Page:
Justice under Bush has taken on fewer cases involving race
In recent years, the Bush administration has recast the federal government's role in civil rights by aggressively pursuing religion-oriented cases while significantly diminishing its involvement in the area of race.
Paralleling concerns of many conservative groups, the Justice Department has argued successfully in a number of cases that government agencies, employers or private organizations have improperly suppressed religious expression in situations that the Constitution's drafters did not mean to restrict.
The shift at the Justice Department has significantly altered the government's civil rights mission, said Brian Landsberg, a law professor at the University of the Pacific and former Justice Department lawyer under Republican and Democratic administrations.
"Not until recently has anyone in the department considered religious discrimination such a high priority," Landsberg said. "No one had ever considered it to be of the same magnitude as race or national origin."
Cynthia Magnuson, a spokeswoman for the Justice Department, said in a statement that the agency had "worked diligently to enforce the federal laws that prohibit discrimination based on religion."
The changes are evident in a variety of actions. They include:
Along with its changed civil rights mission, the department also has tried to overhaul the roster of government lawyers who deal with civil rights. The agency has transferred or demoted some experienced civil rights litigators while bringing in lawyers, including graduates of religious-affiliated law schools and some people vocal about their faith, who favor the new priorities. That has created some unease, with some career lawyers disdainfully referring to the newcomers as "holy hires."
- Intervening in federal court cases on behalf of religion-based groups like the Salvation Army that assert they have the right to discriminate in hiring in favor of people who share their beliefs even though they are running charitable programs with federal money.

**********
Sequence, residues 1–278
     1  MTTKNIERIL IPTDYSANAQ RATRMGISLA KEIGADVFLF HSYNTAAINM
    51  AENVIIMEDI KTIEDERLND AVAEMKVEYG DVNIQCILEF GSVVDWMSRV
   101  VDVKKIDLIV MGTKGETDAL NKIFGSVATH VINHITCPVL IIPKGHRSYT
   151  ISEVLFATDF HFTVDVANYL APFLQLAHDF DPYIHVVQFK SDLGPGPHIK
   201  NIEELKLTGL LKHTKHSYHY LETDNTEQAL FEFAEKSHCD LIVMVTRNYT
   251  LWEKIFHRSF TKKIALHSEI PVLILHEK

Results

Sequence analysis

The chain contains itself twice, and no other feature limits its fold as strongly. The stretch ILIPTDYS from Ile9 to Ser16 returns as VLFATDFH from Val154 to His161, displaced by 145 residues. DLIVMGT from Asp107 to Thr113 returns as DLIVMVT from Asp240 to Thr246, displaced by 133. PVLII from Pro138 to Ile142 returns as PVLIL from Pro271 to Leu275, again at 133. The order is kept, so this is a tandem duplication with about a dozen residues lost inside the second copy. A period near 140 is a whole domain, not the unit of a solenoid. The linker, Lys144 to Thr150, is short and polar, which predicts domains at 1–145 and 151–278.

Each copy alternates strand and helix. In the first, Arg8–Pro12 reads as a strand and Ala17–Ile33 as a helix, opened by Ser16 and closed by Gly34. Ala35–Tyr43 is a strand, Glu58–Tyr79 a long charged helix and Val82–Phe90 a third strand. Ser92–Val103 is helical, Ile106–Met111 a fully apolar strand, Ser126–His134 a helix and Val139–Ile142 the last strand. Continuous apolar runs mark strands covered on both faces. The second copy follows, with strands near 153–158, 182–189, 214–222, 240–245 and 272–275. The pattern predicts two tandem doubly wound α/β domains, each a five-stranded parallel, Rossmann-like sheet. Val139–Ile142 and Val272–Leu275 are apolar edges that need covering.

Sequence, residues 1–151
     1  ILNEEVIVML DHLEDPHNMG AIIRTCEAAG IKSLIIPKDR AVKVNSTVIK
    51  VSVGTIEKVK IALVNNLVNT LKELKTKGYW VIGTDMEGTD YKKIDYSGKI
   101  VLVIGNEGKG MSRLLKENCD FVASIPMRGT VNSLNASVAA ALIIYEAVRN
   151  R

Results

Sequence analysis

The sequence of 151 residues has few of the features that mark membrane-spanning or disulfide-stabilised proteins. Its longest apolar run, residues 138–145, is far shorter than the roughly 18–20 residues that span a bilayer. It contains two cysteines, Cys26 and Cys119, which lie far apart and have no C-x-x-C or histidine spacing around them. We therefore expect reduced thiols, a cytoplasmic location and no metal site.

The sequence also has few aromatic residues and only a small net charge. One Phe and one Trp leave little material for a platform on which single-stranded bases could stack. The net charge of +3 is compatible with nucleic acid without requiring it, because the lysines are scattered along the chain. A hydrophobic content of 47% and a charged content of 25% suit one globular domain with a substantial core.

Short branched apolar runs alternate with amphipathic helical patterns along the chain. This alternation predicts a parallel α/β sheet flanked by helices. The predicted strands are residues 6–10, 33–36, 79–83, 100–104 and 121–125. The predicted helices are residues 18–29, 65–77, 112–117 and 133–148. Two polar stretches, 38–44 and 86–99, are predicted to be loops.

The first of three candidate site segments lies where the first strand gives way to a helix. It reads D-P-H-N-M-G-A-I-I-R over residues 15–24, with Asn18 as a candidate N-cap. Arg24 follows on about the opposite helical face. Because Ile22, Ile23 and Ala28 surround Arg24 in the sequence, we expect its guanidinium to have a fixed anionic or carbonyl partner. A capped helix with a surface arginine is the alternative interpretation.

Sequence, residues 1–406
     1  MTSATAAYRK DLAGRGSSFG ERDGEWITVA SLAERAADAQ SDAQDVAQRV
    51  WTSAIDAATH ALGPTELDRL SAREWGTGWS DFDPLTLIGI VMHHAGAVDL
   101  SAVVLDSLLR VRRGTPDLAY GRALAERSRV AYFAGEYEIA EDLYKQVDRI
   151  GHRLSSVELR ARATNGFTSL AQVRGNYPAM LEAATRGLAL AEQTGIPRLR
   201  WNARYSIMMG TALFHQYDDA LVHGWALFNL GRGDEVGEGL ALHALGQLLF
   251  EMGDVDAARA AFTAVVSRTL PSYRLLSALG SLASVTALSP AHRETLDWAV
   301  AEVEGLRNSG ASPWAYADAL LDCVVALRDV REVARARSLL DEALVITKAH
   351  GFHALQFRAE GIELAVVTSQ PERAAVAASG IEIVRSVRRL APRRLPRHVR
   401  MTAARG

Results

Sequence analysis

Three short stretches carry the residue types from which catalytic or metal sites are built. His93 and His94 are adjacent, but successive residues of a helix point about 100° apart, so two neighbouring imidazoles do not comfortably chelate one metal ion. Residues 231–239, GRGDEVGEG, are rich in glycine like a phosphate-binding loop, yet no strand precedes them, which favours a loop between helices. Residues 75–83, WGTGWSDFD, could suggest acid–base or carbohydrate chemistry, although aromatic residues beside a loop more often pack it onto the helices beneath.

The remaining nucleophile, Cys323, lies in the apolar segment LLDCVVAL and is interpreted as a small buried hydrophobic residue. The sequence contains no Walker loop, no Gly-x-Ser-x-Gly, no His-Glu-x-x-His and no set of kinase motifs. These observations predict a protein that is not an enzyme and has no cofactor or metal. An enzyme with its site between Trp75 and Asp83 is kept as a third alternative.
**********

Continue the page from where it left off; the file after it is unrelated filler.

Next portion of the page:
- Supporting groups that want to send home religious literature with schoolchildren; in one case, the government helped win the right of a group in Massachusetts to distribute candy canes as part of a religious message that the red stripes represented the blood of Christ.
- Vigorously enforcing a law enacted by Congress in 2000 that allows churches and other places of worship to be free of some local zoning restrictions. The division has brought more than two dozen lawsuits on behalf of churches, synagogues and mosques.
- Taking on far fewer hate crimes and cases in which local law enforcement officers may have violated someone's civil rights. The resources for these traditional cases have instead been used to investigate trafficking cases, typically involving foreign women used in the sex trade, a favored issue of the religious right.
- Sharply reducing the complex lawsuits that challenge voting plans that may dilute the strength of black voters. The department initiated only one such case through the early part of this year, compared with eight during a comparable period in the Clinton administration.
The department's emphasis has been embraced by some groups representing Muslims, Jews and especially Christian conservatives, who have long complained that the federal government ignored their grievances about discrimination. [Link]
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